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The Universality of Being
by Swami Krishnananda

Chapter 6: The Seven Stages of Samadhi

There are supposed to be seven stages of the attainment of samadhi, and what I described yesterday is the lowest type, though even that initial stage might have appeared to you as very hard indeed. However, to the extent you have understood what was said, you have taken a very bold step in the right direction. These stages mentioned are just the processes of the disentanglement of consciousness from involvement in the various levels of the manifestation of the universe. In deep meditation, bordering upon samadhi, you are contemplating the whole universe in front of you.

The accepted categories of the descent of consciousness in the process of evolution and involution are elaborately described both in the Sankhya and the Vedanta doctrines. The lowest manifestation in the process of creation, or evolution, is earthly existence. We are now in the lowest category of life, involved in material associations. Not merely that, but things are utterly differentiated from one another. Diversification goes to the utmost extent when we reach the earth plane. Nothing has any connection with anything else; everything stands by itself. You can see for yourself that in this world, nothing seems to have any connection with anything else. “Each one for oneself and let the devil take the hindmost” is the kind of doctrine that prevails in the lowest category of manifestation. We call it worldly existence, earthly existence.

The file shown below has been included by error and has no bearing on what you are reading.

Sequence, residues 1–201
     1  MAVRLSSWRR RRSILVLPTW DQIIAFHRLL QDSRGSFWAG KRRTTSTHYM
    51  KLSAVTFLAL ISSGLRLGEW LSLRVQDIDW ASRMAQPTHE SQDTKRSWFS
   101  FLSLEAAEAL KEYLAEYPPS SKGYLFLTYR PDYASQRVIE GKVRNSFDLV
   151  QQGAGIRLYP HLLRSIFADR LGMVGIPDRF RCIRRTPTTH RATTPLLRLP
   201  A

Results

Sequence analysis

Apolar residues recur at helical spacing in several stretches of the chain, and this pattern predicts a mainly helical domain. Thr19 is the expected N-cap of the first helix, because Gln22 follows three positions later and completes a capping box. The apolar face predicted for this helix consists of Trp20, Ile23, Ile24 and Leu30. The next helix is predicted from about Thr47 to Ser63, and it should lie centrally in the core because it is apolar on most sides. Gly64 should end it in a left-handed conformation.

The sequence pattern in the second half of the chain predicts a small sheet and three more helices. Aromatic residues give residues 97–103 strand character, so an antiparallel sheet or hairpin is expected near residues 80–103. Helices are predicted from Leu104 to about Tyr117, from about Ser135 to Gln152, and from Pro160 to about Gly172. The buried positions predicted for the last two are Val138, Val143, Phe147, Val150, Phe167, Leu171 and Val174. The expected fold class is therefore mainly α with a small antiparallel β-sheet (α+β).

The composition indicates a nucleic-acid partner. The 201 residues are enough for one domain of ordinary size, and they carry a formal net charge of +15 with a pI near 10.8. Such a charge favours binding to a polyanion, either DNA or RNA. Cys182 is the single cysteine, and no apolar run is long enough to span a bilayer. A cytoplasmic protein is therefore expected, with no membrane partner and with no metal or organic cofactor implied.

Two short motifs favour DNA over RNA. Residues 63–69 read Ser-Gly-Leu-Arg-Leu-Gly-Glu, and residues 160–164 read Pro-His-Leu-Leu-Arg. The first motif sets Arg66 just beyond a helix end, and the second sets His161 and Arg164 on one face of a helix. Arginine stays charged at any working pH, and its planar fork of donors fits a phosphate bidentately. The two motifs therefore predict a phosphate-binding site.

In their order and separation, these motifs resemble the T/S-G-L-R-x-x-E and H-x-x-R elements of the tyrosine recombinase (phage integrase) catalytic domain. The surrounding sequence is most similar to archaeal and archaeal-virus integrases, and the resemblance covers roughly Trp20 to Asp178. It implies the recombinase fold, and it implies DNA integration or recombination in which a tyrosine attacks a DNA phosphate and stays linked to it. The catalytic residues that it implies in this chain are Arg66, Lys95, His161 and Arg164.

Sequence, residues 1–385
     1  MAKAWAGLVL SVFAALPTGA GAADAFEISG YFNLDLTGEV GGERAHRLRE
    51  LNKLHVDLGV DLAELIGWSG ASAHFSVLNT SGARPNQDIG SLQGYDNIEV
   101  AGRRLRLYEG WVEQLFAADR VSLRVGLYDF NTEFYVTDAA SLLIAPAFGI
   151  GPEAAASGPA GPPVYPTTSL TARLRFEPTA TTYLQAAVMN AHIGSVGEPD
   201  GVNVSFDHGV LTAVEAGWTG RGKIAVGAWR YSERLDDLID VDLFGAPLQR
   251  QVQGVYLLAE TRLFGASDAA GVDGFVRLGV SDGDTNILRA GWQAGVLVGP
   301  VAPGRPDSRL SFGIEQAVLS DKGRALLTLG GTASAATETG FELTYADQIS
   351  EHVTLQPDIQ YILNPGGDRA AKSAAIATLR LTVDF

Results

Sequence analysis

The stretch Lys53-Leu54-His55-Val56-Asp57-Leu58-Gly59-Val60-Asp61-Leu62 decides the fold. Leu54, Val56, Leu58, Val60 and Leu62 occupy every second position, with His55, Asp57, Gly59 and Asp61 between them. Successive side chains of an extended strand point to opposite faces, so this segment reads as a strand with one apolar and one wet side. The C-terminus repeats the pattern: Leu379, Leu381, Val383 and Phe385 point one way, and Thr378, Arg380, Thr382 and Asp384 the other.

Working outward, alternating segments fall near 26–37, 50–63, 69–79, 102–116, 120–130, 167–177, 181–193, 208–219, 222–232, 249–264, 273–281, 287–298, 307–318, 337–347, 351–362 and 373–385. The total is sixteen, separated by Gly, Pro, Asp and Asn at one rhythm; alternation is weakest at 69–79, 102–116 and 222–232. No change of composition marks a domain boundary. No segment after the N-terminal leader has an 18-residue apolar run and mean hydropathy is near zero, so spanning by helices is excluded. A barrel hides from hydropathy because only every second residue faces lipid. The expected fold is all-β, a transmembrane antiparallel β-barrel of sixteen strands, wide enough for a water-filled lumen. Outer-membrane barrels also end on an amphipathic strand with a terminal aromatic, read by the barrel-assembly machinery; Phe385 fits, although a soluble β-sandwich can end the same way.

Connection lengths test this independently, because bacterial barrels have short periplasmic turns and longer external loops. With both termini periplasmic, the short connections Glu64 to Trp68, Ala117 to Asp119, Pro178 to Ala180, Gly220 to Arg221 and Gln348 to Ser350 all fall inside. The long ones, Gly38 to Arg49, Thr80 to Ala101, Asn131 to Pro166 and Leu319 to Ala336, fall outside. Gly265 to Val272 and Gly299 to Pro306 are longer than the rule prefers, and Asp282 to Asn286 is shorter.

There are cosmic levels corresponding to the levels in our own psychophysical personality because the individual and the universe are co-relatives of each other, and act and react in a comprehensive manner. We may say an individual is a cross section of the whole universe. We will find in each individual entity a miniature universe. In traditional language, these stages, or levels of manifestation, are called Bhuloka, the earthly level, and beyond that is Bhuvarloka, the astral world, which is somewhat comparable to our vital layer of individual personality. These levels cannot be seen with the eyes, just as we cannot see our own subtle body. They are higher levels, one above the other. There is another level, which is more subtle, called Svarloka. In the Puranas it is regarded as the heaven of the gods, the abode of resplendent beings with shining bodies of fire who are not materially encumbered in any way. The gods are supposed to be capable of penetrating even hard rock because their bodies are the fine substance of the fire principle. These are the heavens of the religious scriptures.